Wavebob

From Wikipedia, the free encyclopedia
Jump to navigation Jump to search
Wavebob
Privately Held
Industry Wave Energy
Founded 1999
Headquarters Ireland, USA
Key people
Andrew Parish -CEO
Göran Dandanell -Chairman
William Dick -Inventor
Dr. Jochem Weber -Research Manager
Dr. Ronan Costello -Hydraulics Team Leader
Products [WECs] Wave Energy Conversion Buoys

Wavebob was a wave energy converter which was in development between 1999 and 2013 when the company was closed owing to funding difficulties.[1]

It commenced the first of a number of sea trials in Galway Bay in Ireland during which it was tested as a 1/4 scale device for short periods at the SEAI 1/4 Scale Wave Power Testing facility[2] which is located in the inner bay inside the natural Aran Islands breakwater and where devices under test are exposed to c.1/3 of the expected energy of the 'Full Atlantic Ocean'.[3][4]

Technology[edit]

Wavebob used the lift and fall of ocean waves to drive generators [5]

The Wavebob consisted of two oscillating structures. These structures must be able to absorb in a variety of conditions and be robust to survive in the harsh marine environment. The structures are controlled by a damping system that can respond to predicted wave height, wave power and frequency. The tank structure (a semi-submerged body) uses captured sea water mass as the majority of its inertial mass. This significantly reduces the cost associated with structural materials.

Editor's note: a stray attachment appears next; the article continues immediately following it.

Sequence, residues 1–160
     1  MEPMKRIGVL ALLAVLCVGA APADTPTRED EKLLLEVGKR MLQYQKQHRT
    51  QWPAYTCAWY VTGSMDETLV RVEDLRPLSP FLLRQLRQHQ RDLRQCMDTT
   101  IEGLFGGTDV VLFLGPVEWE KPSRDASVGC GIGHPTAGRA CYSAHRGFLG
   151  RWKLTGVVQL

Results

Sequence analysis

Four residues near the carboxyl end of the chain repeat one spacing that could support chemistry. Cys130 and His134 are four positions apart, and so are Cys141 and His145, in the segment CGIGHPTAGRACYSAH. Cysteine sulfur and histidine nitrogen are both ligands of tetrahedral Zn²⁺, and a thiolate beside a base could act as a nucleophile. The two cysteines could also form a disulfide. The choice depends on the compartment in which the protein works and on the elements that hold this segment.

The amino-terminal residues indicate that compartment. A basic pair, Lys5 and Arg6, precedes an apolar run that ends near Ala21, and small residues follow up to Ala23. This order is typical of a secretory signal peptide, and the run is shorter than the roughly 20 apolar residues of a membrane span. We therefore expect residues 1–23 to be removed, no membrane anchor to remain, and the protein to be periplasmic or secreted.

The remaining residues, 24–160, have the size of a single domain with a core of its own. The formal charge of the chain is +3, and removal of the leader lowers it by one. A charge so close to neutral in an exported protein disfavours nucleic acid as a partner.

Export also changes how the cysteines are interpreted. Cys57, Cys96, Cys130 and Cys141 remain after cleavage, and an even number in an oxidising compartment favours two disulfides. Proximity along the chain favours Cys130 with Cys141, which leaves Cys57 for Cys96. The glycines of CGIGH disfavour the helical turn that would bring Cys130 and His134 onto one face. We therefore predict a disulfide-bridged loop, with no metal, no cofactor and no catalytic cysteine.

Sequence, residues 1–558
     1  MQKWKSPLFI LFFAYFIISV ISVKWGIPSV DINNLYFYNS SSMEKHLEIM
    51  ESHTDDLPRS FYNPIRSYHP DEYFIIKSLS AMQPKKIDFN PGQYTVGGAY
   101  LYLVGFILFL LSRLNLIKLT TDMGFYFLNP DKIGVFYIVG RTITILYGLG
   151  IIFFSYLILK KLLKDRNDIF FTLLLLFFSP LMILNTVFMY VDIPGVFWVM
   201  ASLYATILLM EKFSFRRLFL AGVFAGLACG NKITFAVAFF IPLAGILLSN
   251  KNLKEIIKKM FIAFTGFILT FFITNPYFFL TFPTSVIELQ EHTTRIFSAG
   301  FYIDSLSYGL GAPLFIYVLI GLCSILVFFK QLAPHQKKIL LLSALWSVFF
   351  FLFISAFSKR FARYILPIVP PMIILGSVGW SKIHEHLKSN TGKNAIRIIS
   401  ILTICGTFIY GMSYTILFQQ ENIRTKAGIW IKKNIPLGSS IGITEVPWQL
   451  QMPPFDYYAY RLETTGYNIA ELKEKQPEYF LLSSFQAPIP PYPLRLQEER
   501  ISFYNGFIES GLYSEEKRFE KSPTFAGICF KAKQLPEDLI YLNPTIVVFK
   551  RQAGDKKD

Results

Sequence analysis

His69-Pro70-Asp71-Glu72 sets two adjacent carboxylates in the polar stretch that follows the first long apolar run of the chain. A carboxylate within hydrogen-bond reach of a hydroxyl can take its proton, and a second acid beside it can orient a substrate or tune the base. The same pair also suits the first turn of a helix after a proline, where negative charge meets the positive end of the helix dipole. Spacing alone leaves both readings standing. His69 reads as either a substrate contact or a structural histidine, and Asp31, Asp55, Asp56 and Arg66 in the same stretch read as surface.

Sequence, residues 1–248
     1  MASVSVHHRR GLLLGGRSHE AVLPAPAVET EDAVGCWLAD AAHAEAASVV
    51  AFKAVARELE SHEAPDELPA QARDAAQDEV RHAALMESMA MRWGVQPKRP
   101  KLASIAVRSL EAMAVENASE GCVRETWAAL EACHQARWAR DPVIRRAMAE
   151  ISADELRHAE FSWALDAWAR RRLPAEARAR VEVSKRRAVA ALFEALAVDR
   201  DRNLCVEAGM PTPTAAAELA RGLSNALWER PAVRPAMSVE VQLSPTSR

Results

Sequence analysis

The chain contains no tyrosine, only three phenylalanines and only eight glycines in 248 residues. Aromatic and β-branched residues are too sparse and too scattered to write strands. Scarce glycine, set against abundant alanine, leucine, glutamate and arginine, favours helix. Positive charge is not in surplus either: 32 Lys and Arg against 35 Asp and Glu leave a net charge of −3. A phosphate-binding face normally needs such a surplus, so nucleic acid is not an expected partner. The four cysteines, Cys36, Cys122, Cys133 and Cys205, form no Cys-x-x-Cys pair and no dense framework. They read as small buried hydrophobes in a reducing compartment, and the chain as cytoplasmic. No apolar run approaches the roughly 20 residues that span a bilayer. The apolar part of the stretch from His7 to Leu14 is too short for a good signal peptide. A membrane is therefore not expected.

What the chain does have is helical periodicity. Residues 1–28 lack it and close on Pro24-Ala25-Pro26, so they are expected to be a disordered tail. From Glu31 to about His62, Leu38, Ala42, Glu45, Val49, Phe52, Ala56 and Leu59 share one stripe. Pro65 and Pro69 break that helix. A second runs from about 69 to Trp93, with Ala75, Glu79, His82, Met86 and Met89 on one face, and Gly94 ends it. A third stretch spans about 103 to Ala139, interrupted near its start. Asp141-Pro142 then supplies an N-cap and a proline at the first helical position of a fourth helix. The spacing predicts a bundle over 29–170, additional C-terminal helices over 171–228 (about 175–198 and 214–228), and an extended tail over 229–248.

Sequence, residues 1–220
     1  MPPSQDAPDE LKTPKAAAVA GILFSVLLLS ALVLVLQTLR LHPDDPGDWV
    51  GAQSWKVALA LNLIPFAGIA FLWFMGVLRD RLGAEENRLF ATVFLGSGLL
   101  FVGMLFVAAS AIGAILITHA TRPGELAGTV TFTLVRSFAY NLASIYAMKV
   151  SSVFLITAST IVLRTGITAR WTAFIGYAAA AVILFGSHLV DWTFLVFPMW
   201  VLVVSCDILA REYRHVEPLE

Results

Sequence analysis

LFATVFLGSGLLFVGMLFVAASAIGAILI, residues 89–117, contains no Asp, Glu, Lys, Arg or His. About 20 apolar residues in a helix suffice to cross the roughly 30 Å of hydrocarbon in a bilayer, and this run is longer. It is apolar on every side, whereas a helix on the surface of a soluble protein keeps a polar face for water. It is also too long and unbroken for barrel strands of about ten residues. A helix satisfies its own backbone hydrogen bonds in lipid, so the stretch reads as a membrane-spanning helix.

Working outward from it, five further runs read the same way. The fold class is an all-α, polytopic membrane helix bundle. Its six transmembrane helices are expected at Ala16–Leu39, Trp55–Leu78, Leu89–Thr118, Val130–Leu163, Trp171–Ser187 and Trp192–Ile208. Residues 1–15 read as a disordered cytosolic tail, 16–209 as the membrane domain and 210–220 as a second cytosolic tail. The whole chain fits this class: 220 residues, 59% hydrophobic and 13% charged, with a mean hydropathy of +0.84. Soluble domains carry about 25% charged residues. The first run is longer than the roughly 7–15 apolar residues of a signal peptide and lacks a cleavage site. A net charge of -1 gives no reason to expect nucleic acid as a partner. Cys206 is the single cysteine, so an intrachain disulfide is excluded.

Wavebob developed its business through an Open Innovation Model and was partnered with leading energy companies such as Chevron and Vattenfall. It briefly established a joint venture company with Vattenfall called Tonn Energy[6] to develop commercial wave farms off the west coast of Ireland.

Company milestones[edit]

1999: Original patents filed

2007: CEO appointed; head office in Maynooth established

2013: Company Closed Down.

See also[edit]

Wave farm
Maritime Research Institute Netherlands
Marine Institute Ireland
Pelamis Wave Energy Converter
OE buoy

References[edit]

Further reading[edit]

  • Falnes, Johannes (2002). Ocean Waves and Oscillating Systems. Cambridge University Press. ISBN 0-521-01749-1., 288 pp.
  • McCormick, Michael (2007). Ocean Wave Energy Conversion. Dover. ISBN 0-486-46245-5., 256 pp.